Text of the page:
Bedtime stories boost young children's imagination
Just how important is it to read bedtime stories to your young children? Researchers from the Reading and Literary Discovery Center at Cincinnati Children's Hospital Medical Center recently conducted a new study to explore this very question. Using real-time MRI scans, the researchers studied children between the ages of 3 and 5 to see how their brain activity was affected while they were being read to, according to WTNH News.
Focusing on the areas associated with memory, reading and comprehension, the researchers discovered there was elevated activity in the parts of these children's brains that are related to vision and language. One interpretation of this finding is that these toddlers were able to imagine or see what was happening in the story, even though they could not read it themselves.
The research also showed that children with more active brains were read to more frequently at home, while this was not generally the case for those children of parents who did not promote home reading.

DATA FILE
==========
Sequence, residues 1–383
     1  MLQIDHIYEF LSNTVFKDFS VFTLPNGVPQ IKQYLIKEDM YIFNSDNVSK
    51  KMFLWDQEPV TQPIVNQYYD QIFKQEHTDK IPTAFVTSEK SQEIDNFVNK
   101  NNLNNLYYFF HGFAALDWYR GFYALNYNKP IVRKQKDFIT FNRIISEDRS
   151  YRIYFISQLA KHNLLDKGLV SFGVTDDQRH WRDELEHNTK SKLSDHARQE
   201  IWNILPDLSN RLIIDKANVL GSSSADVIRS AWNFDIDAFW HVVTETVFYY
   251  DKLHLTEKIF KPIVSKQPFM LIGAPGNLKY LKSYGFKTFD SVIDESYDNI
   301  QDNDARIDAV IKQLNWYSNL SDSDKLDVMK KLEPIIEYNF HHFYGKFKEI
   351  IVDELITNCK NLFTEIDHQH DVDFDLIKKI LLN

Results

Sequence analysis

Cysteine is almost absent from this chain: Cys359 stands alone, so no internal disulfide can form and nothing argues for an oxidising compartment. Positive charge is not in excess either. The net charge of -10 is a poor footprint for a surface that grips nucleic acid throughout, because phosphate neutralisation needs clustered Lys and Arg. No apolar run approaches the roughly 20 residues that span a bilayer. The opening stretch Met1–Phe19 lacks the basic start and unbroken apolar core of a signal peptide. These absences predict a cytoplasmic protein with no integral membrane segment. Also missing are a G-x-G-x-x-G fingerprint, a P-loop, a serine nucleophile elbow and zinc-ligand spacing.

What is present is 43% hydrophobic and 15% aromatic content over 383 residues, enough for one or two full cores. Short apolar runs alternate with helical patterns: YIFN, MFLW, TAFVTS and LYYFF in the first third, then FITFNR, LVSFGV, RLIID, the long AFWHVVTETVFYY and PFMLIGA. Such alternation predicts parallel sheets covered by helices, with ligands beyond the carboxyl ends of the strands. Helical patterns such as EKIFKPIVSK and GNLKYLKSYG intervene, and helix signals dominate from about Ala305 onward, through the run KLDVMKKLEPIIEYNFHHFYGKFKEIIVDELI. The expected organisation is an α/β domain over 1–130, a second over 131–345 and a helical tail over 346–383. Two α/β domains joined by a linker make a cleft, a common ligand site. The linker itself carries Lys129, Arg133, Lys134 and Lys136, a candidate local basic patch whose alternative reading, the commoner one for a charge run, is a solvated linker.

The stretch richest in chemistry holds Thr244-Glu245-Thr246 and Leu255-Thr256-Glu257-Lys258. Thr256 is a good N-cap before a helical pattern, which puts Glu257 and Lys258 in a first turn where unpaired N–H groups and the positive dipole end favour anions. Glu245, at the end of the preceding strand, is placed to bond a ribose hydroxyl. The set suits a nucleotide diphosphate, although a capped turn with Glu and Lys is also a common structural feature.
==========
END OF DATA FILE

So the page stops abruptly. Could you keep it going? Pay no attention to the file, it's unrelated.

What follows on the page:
Tzipi Horowitz-Kraus, a coauthor in the study, said that reading to children at these critical young ages is ultimately beneficial to their brain development, while preparing them socially and academically to get ready for school and peer interaction. She said that it is still too soon to theorize that children who are read to at home have higher IQs than those who do not.
The researchers all did agree, however, that sitting close and reading to young children makes them feel more secure, while seeming to also promote their developing brains.